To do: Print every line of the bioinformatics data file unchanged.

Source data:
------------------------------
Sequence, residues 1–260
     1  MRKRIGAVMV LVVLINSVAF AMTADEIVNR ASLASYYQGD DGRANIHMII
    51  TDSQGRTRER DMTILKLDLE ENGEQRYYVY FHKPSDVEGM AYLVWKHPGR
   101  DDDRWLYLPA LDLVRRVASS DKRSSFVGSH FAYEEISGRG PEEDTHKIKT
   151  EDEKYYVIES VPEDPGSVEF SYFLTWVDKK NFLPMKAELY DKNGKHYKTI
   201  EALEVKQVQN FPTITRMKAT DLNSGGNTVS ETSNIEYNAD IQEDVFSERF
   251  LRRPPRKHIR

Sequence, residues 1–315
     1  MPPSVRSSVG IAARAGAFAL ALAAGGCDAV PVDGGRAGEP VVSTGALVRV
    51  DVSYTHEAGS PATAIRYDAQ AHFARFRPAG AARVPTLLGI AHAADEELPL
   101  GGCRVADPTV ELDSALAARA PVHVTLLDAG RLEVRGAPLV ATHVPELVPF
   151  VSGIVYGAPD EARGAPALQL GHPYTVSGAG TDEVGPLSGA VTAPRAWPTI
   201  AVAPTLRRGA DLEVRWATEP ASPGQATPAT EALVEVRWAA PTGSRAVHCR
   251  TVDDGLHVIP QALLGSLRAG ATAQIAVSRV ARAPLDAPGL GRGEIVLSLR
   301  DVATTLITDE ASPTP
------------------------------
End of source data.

Sequence, residues 1–260
     1  MRKRIGAVMV LVVLINSVAF AMTADEIVNR ASLASYYQGD DGRANIHMII
    51  TDSQGRTRER DMTILKLDLE ENGEQRYYVY FHKPSDVEGM AYLVWKHPGR
   101  DDDRWLYLPA LDLVRRVASS DKRSSFVGSH FAYEEISGRG PEEDTHKIKT
   151  EDEKYYVIES VPEDPGSVEF SYFLTWVDKK NFLPMKAELY DKNGKHYKTI
   201  EALEVKQVQN FPTITRMKAT DLNSGGNTVS ETSNIEYNAD IQEDVFSERF
   251  LRRPPRKHIR

Sequence, residues 1–315
     1  MPPSVRSSVG IAARAGAFAL ALAAGGCDAV PVDGGRAGEP VVSTGALVRV
    51  DVSYTHEAGS PATAIRYDAQ AHFARFRPAG AARVPTLLGI AHAADEELPL
   101  GGCRVADPTV ELDSALAARA PVHVTLLDAG RLEVRGAPLV ATHVPELVPF
   151  VSGIVYGAPD EARGAPALQL GHPYTVSGAG TDEVGPLSGA VTAPRAWPTI
   201  AVAPTLRRGA DLEVRWATEP ASPGQATPAT EALVEVRWAA PTGSRAVHCR
   251  TVDDGLHVIP QALLGSLRAG ATAQIAVSRV ARAPLDAPGL GRGEIVLSLR
   301  DVATTLITDE ASPTP